Professor Federico Rosei, director of the INRS Énergie Matériaux Télécommunications Research Centre, will draw on his renowned expertise in synthesizing, processing, and characterizing nanomaterials as chairholder of the new Level 1 Canada Research Chair in Nanostructured Materials. Working with his team, he will pursue the study of the structure of materials at the nanoscale with a view to optimizing their properties and develop new multifunctional devices for renewable energy and energy-saving technologies.
Capitalizing on his broad expertise which spans organic, inorganic, and biocompatible materials, Professor Rosei will work to overcome major nanotechnology challenges in areas such as multiferroics, the use of quantum dots to convert solar energy, and the manufacture and optimization of optoelectronic devices.
In addition to scientific and technological breakthroughs in the energy, electronics, health, and photonics sectors, the chair will help train specialists in the field of new high performance functional materials. Through its ground-breaking work, it will strengthen Canada's leadership as a key player in the field of nanomaterials.
Professor Rosei has received numerous awards and honors. A Fellow of the Royal Society of Canada, the European Academy of Sciences, and the Canadian Academy of Engineering, he is also received the Vasconcelos Award from the World Cultural Council, the ChangJiang Scholar Award from the Chinese government, and the Khwarizmi International Award from the government of Iran among many others. This chair confirms his international leadership in advanced materials and nanotechnology.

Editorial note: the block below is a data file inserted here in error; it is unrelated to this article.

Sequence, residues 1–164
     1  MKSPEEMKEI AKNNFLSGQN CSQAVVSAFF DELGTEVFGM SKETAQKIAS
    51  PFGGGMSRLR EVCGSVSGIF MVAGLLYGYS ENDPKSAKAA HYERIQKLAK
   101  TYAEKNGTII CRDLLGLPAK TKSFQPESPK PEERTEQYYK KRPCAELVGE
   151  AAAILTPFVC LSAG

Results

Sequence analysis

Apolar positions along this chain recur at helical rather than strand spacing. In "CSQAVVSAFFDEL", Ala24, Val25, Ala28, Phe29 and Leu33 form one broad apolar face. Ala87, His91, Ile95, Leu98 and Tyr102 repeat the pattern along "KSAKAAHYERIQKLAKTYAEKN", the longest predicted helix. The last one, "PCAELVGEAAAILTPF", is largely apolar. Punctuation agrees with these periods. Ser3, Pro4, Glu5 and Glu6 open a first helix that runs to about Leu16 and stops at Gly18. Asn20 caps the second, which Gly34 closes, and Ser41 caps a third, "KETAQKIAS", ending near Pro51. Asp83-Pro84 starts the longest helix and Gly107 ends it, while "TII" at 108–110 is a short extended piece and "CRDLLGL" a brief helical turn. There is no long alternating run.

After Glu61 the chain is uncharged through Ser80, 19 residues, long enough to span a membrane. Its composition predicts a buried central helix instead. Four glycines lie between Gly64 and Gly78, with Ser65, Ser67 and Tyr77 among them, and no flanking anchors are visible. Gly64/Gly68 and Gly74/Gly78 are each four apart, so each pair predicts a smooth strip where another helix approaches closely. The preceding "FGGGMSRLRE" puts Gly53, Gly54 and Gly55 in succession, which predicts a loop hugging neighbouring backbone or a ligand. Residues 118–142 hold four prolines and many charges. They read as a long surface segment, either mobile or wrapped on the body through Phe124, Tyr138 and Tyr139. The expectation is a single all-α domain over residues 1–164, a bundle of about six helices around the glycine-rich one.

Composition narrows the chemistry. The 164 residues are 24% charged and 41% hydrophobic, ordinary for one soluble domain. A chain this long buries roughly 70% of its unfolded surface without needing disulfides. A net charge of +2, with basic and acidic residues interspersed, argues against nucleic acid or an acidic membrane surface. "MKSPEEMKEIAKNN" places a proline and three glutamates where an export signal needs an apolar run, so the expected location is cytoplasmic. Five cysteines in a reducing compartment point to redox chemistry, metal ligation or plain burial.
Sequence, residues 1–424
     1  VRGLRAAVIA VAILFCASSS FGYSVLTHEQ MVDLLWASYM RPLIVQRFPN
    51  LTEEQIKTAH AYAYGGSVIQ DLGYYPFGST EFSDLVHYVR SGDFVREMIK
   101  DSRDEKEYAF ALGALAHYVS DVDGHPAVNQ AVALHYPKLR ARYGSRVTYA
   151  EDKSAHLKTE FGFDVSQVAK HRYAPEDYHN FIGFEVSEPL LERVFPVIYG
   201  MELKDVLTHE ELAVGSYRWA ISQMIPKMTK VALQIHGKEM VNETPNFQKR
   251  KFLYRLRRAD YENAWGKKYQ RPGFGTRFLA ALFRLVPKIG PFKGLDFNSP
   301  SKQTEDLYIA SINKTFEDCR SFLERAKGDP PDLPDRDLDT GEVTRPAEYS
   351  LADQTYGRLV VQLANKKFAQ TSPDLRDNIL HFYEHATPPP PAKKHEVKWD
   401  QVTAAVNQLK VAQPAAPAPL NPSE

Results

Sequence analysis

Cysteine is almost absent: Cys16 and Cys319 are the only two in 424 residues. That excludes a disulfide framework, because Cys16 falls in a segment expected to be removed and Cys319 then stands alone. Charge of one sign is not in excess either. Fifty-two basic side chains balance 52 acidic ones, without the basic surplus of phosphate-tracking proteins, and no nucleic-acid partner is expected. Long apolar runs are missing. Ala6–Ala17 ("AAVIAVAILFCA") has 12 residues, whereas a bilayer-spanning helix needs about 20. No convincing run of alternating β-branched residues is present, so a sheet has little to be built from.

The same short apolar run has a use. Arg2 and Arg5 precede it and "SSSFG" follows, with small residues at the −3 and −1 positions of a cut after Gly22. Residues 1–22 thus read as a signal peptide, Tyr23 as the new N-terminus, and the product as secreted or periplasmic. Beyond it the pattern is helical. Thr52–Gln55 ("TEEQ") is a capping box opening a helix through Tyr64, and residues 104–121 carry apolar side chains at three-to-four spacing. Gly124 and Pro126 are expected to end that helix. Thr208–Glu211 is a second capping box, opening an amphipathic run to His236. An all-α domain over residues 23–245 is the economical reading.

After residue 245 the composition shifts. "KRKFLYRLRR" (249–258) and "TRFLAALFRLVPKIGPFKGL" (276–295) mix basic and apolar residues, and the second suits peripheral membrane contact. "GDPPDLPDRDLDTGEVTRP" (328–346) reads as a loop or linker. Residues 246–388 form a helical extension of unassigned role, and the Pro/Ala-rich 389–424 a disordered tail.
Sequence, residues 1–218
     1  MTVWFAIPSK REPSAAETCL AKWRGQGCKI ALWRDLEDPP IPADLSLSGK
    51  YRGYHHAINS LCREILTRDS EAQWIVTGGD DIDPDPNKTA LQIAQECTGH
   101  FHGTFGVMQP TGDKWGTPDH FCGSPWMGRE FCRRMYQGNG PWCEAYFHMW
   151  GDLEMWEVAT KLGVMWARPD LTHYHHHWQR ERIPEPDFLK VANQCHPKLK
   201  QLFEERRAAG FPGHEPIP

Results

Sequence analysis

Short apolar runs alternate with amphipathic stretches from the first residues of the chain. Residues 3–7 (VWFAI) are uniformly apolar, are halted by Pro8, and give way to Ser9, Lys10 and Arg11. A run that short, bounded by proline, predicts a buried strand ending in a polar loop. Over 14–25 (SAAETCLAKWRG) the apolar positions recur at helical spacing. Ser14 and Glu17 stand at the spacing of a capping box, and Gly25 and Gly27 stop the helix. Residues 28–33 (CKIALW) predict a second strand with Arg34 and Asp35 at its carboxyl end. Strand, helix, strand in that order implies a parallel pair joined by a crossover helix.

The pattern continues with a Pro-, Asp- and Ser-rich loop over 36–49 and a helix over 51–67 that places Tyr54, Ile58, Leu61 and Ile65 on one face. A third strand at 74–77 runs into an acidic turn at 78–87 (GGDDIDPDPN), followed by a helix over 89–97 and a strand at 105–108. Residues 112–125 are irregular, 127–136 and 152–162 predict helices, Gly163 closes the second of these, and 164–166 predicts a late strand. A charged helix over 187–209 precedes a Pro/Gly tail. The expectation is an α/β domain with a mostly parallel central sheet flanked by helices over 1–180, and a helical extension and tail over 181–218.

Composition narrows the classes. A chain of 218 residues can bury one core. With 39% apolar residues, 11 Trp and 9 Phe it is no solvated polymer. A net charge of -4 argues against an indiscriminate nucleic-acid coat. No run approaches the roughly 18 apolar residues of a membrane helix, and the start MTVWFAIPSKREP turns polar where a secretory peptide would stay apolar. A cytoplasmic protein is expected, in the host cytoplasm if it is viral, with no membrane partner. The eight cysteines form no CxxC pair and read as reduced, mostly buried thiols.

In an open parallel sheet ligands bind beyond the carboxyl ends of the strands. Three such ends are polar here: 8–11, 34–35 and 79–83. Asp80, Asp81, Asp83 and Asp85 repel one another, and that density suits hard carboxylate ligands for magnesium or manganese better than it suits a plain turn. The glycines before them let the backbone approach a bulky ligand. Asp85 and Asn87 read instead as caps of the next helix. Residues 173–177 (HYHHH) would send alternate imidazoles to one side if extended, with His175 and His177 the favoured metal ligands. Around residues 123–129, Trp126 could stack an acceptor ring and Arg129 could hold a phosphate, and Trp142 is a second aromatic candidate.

Renewal of two Level 2 Canada research chairs
The renewal of the Canada Research Chair in Biogeochemistry of Trace Elements will allow Professor Claude Fortin
of the INRS Eau Terre Environnement Research Centre to further develop his research assessing the ecological risk of metal contaminants in the environment. Over the next five years, the focus of his research will be on metal detoxification mechanisms in aquatic organisms and applying in field approaches developed in the lab.
With the renewal of the Canada Research Chair in Socio-microbiology, Professor Éric Déziel
of the INRS–Institut Armand-Frappier Research Centre will continue his innovative research to better understand social behavior in bacteria. Specifically, he studies the activity of the Pseudomonas bacterium, a widespread and opportunistic group of antibiotic-resistant pathogens. His goal is to develop new treatments to control their spread. ♦